Nanowires offer better conductivity and lower sheet resistance than currently available techs—allowing for better optical quality while simultaneously reducing production costs, as we mentioned above. I find it fairly crazy that, before they’ve even properly hit the market, nanowires have already had an enormous impact on nanotube and graphene ITO alternatives. From the depths of research labs, nanowires have already destroyed the majority of the market for two competing technologies. Impressive.
While it may not be something on your immediate technological wish list, it is certainly an interesting development. By coating nanowires onto plastic sheets—as simple a saran wrap—companies have been able to develop flexible, functioning prototype screens. The video below has a few more details pertaining to the 18” roll-up OLED showcased by LG at CES 2016.
I mentioned it earlier but it bears repeating. By utilizing minute amounts of pure, precious metals, researchers have been able to beat the performance offered by ITO at a fraction of the cost of the process involved in manufacturing items with Indium Tin Oxide. For consumers, that’s what I would call a win-win situation!
Should Filmmakers be Getting Excited about Nanowire Technology?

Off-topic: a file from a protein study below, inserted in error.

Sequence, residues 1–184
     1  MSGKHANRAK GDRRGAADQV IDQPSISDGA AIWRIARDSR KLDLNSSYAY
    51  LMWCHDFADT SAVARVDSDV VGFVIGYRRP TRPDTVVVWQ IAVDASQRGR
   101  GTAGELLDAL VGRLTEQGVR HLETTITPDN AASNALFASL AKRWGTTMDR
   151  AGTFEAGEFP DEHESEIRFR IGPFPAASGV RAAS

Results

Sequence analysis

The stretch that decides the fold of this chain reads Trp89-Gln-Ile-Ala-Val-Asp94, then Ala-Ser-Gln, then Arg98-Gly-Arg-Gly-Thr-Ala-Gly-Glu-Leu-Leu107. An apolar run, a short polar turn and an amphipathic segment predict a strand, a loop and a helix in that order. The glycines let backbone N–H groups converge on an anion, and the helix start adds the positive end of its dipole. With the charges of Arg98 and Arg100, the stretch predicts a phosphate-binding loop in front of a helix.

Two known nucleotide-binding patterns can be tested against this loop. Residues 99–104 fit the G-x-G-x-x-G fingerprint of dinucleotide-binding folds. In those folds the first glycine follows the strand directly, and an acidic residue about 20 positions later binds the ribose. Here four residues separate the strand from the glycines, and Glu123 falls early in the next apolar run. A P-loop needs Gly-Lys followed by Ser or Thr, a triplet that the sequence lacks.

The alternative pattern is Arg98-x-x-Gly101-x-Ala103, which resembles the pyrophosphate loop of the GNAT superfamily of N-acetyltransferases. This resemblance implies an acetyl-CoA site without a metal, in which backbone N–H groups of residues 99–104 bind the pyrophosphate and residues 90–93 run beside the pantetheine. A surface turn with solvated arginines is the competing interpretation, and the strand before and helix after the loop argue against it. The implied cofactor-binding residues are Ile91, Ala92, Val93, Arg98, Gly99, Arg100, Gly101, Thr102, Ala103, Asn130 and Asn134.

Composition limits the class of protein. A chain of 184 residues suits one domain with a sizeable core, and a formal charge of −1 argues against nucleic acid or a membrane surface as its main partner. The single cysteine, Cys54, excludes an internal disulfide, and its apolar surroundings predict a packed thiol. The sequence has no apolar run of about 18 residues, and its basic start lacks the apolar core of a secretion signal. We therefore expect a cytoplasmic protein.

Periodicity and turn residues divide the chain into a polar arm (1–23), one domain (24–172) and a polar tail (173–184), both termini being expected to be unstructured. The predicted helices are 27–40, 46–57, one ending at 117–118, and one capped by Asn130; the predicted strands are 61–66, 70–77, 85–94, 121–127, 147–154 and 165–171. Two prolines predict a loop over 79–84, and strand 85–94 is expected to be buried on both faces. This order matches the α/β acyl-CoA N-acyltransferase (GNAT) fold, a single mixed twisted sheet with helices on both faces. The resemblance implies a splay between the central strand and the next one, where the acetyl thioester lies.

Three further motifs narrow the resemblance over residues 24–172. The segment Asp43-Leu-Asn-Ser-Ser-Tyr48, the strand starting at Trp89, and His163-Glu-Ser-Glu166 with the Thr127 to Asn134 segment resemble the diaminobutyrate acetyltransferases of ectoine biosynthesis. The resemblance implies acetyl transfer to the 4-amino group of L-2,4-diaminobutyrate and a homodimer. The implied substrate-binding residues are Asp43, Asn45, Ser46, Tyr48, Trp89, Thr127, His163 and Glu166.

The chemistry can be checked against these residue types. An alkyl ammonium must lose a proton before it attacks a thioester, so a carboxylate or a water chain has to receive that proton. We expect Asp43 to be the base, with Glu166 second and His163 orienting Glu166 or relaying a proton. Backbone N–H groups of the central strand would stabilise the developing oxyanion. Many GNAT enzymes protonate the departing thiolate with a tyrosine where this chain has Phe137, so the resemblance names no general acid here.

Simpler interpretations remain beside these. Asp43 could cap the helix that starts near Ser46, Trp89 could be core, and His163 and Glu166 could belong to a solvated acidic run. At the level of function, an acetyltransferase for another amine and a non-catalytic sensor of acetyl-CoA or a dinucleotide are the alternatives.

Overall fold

Personally, I think so. Even outside of filmmaking, we see an increasing number of screens as the technology available to us continues to advance into the realms of Science-Fiction. Whether camera displays begin to adopt nanowire technology in the near future or not, we’re probably all going to be experiencing the apparently improved performance that they can bring to the table in one way or another.
Some of the best and brightest minds in the world are researching and developing nanowires, including teams at Stanford, MIT, Harvard, and Duke. That usually means two things: the tech will arrive on the market sooner than we might expect, and the applications will likely be extremely useful—or at the very least, incredibly interesting!
We’ll have to wait and see if nanochemistry hits a roadblock with improving and producing nanowires and whether manufacturers take this new technology in their stride. However, with working proof-of-concept models already surfacing and the potential for lower costs, I’d wager that nanowires are going to be a big hit; even if we do have a while to go until these newer, tougher, or flexible screens are in our hands.
Daniel shows us 2 very affordable ikan follow focuses. The F3 is really a friction kind of device for the cameraman who wants the pulling all for himself. You can attach this to any lens and it will allow you to pull the focus with your “free” hand.
The FGK is a conventional geared follow focus unit at a very competitive price.
Both units are part of the ikan “Elements” system. As far as I can tell that’s a dslr camera support system with a lego kind of approach: You can create different setups out of many modular pieces.
If you’re interested in this system you should check wether or not it can be easily collapsed and put together and let us know. Because in my experience rigs with many knobs and points of articulation can be difficult to work with albeit being versatile.